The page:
SLR - December 2014 - Tyler Silverman
Arthroscopic Assessment of Medial Malleolar Reduction
Reference: Swart EF, Vosseller JT. Arthroscopic Assessment of Medial Malleolar Reduction. Arch Orthop Trauma Surg. 2014 Sep;134(9): 1287-92.
Scientific Literature Review
Reviewed By: Tyler Silverman, DPM
Residency Program: The Cambridge Health Alliance
Podiatric Relevance: In many hospital systems, podiatrists are treating ankle fractures. Currently, the role of arthroscopy in the surgical reduction of ankle fractures is unclear. It has previously been used to evaluate for intra-articular pathology. This article provides new insight into the use of ankle arthroscopy to assess articular reduction.
Methods: This was a prospective study performed over one year. Inclusion criteria for the study were the presence of a medial malleolar ankle fracture that required open reduction and internal fixation (ORIF). Patients were excluded if they had previous ankle injury. Twelve consecutive patients were enrolled in the study. All patients were operated on by a single surgeon. The patients had ORIF of their medial malleolar fracture with arthroscopic evaluation.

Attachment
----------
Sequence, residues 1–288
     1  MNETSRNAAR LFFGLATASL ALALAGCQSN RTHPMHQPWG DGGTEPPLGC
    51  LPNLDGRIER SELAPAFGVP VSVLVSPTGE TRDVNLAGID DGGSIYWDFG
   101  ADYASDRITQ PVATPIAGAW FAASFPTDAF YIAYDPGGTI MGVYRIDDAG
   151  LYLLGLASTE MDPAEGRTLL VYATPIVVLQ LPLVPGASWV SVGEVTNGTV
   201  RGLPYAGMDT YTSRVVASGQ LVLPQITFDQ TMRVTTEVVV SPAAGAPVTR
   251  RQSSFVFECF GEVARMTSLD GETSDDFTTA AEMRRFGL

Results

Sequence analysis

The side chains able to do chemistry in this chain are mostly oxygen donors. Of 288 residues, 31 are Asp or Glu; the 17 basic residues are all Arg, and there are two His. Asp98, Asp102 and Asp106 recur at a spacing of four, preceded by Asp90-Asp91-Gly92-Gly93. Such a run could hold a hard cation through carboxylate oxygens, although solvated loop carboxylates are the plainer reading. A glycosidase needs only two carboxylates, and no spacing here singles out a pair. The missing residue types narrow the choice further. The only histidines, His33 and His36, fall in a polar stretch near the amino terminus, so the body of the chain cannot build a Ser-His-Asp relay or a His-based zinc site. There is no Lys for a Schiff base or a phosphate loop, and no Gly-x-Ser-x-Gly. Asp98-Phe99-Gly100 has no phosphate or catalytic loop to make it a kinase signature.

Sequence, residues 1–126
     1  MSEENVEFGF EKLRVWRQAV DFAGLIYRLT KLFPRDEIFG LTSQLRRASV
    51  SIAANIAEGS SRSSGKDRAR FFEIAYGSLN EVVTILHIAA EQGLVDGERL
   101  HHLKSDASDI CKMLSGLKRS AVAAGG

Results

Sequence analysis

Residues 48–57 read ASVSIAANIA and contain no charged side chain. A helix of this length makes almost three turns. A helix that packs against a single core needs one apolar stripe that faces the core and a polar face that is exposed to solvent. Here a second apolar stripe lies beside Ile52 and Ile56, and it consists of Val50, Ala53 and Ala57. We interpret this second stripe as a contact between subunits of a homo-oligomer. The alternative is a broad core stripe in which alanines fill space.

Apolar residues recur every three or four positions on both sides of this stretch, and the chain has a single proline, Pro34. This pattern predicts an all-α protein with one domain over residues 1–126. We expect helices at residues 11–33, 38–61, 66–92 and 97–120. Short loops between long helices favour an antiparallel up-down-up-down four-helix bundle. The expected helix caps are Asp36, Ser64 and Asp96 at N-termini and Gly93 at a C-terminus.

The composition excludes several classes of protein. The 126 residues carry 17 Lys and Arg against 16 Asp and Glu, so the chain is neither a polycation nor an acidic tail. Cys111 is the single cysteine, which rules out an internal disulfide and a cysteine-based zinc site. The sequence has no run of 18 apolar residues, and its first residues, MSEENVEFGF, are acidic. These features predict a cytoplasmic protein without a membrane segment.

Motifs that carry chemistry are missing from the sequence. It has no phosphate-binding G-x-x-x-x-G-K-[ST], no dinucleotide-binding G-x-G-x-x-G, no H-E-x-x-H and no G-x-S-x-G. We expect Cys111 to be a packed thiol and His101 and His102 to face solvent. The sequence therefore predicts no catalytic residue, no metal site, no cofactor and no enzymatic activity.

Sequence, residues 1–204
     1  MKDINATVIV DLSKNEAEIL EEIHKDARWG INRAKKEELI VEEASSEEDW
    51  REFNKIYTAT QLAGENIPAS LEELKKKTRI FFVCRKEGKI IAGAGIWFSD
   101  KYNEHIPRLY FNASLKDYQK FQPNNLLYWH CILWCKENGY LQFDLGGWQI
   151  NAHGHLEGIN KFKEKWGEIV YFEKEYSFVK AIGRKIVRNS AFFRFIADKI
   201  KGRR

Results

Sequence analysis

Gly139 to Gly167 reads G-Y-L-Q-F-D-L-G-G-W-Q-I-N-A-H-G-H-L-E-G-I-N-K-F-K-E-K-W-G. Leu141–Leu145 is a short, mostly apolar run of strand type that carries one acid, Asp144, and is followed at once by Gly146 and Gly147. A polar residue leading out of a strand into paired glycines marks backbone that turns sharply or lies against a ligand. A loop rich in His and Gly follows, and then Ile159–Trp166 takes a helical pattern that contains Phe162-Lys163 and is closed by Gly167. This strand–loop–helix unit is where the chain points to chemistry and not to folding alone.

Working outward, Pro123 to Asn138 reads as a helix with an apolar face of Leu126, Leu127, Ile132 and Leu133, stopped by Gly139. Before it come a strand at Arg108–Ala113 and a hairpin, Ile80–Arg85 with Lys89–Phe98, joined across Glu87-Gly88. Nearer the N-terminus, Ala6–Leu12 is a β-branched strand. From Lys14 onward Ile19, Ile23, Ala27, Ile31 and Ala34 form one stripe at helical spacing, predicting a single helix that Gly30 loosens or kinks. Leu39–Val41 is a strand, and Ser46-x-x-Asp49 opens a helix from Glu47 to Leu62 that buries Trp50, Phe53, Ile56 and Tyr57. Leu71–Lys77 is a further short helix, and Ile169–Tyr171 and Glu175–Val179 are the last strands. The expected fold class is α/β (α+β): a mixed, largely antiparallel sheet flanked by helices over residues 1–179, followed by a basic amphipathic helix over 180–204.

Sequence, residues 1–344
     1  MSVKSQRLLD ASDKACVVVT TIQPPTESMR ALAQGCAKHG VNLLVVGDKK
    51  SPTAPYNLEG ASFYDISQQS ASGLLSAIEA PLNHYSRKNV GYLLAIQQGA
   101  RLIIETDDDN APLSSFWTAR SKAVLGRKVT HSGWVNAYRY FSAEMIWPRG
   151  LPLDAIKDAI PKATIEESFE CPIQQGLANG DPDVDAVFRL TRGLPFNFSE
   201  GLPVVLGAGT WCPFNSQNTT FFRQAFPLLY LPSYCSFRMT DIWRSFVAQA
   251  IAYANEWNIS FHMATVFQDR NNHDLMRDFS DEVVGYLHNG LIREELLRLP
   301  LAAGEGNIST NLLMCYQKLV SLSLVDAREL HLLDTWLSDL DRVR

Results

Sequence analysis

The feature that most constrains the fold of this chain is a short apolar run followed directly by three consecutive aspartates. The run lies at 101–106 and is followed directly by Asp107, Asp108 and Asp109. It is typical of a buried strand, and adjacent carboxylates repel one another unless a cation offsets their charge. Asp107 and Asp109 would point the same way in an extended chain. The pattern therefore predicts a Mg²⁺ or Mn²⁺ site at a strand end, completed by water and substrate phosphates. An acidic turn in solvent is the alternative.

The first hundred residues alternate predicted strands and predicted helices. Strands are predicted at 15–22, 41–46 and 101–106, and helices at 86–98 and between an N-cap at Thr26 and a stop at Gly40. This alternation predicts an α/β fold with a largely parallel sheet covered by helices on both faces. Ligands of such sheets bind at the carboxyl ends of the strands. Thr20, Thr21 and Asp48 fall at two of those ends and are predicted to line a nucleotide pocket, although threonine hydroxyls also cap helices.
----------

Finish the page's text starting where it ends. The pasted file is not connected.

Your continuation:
Results: The main outcome of this study was comparing the reduction of the fracture as obtained by cortical cues. When using cortical cues, seven of the 12 patients had anatomic reduction. Of the five patients who did not have anatomic reduction, four had less than a 1 mm gap noted arthroscopically. Two of patients walked on their fracture for two weeks pre-operatively. One of these patients had a 2 mm gap noted arthroscopically. The other patient who ambulated on their fracture also had a more difficult reduction.
Conclusions: The authors concluded that cortical reduction of medial malleolar fractures often matched up with articular reduction. The greatest difficulties were encountered with patients who put weight on their splint pre-operatively. The authors concluded that this was because of impaction of the medial malleolus. The authors also briefly discussed that arthroscopy allowed them to evaluate and treat intra-articular pathology.